Segall: Alexander Hamilton and the New Supreme Court Term
As the Supreme Court’s new term begins, many court watchers have observed that the justices don’t have the usual front-page, nationally important cases on their docket.
By this time a year ago, the Supreme Court had already decided to hear controversial affirmative action, free speech and redistricting cases. Soon thereafter the justices added important abortion, “Obamacare” and immigration disputes.
By contrast, as of now, other than a potentially controversial “religious liberty” case brought by churches challenging a government program providing grants to repair school playgrounds but excluding religious schools, the Court’s docket has few cases Americans will see as important to their lives. It is anyone’s guess whether the justices will add more as the term goes on.
One of the major reasons the Supreme Court’s docket is so far less explosive than in previous years is that, since Justice Antonin Scalia‘s death in February, the Court has been equally divided between four Republicans and four Democrats. In most cases – although certainly not all – this division corresponds to four conservative and four liberal votes.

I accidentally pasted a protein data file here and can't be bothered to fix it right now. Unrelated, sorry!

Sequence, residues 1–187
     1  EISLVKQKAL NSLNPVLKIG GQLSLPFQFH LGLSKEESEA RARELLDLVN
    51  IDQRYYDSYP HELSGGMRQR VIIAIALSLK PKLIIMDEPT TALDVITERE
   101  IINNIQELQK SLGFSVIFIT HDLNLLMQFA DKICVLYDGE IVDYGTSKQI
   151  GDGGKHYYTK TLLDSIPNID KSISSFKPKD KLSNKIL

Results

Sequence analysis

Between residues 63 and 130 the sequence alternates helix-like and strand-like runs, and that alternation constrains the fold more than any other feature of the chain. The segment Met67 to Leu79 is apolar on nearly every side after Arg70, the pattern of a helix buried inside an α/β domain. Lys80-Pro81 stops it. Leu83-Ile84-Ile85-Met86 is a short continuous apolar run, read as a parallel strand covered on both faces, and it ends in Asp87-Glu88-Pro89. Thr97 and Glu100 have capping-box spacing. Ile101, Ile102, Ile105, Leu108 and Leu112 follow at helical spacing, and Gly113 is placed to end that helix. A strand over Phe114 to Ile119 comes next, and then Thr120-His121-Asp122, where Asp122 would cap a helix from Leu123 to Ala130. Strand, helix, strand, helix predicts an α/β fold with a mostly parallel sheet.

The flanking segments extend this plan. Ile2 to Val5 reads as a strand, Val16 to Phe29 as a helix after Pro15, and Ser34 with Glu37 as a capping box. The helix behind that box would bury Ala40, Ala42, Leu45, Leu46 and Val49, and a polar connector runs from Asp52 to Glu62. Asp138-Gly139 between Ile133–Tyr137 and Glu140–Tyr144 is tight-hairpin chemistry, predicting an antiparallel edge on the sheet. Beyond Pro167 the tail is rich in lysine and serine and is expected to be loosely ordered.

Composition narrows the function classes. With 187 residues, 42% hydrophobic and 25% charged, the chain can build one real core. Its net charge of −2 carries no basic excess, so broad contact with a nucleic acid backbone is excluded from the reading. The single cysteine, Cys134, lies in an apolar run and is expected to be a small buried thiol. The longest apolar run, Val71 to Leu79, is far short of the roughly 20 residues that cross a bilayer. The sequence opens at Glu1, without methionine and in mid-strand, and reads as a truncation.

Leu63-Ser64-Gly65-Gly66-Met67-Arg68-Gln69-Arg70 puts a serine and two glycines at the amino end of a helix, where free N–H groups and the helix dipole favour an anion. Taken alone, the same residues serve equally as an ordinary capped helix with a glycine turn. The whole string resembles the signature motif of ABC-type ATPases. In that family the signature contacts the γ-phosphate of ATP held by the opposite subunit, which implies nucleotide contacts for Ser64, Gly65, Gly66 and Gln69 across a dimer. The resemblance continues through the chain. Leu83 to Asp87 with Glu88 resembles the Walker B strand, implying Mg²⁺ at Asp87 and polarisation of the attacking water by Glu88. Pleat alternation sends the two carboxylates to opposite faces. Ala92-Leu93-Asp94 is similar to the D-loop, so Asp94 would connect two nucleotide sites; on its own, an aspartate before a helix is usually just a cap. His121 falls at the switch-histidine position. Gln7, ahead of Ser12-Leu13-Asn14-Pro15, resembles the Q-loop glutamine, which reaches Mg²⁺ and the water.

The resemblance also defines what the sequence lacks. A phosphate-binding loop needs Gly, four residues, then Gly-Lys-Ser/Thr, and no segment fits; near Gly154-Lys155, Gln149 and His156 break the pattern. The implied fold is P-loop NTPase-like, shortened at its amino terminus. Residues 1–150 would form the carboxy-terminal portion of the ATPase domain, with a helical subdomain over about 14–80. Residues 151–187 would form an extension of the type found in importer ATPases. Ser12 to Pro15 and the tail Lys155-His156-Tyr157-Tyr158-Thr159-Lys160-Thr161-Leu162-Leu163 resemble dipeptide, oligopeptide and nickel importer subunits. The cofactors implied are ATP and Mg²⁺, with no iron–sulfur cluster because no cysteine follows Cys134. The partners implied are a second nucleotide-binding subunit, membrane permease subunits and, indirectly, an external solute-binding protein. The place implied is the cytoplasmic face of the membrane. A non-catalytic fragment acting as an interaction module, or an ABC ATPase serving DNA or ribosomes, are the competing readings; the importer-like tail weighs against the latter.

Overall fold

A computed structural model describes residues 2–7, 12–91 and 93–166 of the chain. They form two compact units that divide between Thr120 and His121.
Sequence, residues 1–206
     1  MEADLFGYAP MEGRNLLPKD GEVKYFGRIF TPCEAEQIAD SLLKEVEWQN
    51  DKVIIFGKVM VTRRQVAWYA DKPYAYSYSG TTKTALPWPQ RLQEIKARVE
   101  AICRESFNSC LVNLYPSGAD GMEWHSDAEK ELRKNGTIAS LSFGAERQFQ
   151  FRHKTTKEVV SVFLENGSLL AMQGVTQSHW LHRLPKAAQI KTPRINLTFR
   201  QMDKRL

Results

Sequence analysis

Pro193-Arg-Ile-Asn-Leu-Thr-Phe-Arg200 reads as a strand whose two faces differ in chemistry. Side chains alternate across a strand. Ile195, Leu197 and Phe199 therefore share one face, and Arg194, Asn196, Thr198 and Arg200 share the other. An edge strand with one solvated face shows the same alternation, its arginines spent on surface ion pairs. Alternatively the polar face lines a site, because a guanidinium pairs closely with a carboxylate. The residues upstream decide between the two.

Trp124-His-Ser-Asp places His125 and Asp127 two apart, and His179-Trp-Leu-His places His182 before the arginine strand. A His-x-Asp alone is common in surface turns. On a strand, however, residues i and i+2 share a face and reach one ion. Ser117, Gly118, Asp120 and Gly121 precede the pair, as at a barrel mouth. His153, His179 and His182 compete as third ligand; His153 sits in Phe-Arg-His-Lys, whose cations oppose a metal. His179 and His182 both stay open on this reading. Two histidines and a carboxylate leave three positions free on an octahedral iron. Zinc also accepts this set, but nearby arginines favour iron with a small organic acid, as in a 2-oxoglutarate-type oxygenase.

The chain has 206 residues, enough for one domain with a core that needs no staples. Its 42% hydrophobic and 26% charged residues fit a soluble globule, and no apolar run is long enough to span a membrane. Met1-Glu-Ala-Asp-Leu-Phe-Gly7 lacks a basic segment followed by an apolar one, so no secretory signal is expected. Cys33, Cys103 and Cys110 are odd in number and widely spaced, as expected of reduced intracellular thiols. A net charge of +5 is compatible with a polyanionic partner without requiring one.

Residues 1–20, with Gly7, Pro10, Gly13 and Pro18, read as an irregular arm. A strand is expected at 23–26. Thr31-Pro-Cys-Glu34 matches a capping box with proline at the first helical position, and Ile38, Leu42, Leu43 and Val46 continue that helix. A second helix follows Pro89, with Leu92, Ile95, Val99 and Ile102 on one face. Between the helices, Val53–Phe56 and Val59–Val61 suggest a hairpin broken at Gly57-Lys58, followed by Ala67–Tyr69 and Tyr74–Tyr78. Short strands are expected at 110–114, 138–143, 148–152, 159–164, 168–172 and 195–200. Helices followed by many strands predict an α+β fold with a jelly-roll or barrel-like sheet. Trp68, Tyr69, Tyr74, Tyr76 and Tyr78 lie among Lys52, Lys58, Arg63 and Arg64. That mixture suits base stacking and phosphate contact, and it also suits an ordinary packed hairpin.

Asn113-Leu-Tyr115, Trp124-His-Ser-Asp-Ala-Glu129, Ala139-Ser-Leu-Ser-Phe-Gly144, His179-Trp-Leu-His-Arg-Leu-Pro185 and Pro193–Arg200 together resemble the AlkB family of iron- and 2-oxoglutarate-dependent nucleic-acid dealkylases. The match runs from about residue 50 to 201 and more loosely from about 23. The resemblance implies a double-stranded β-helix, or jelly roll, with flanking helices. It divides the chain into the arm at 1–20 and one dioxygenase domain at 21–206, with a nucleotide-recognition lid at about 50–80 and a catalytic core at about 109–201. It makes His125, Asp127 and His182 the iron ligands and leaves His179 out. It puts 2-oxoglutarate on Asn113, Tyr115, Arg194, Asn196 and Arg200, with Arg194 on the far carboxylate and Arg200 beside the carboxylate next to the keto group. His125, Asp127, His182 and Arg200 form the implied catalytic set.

Due to this four-to-four alignment, the justices may not want to hear cases where a voting deadlock is inevitable. In cases where the vote is tied, the lower court decision stands as if the Supreme Court had never heard the case. The justices likely feel it is a waste of time and resources to consider cases which in all likelihood will end in a tie. Moreover, as Professor Steve Wermiel observed for SCOTUSblog, given how long it usually takes for the Senate to approve a Supreme Court nominee, even if the Senate were to act after the election, it is likely the Court won’t have a ninth justice until after this term is over.
Striking Down Laws: Back to Basics
This conventional wisdom, however, pays too little attention to what the current eight-member court tells us about how the justices should decide cases and even which disputes they decide to hear. At the heart of every Supreme Court constitutional case is the same essential issue: Under what circumstances should five justices impose a national rule binding on all 50 states and the American people?
Issues such as how or if the government may limit the funding of state and federal political campaigns, whether public universities may use racial criteria in admissions or whether all 50 states must recognize same-sex marriage all involve the question: “Who should decide?” Is it political decision-makers at the local, state or federal levels? Or is it five judges sitting permanently in our nation’s capital?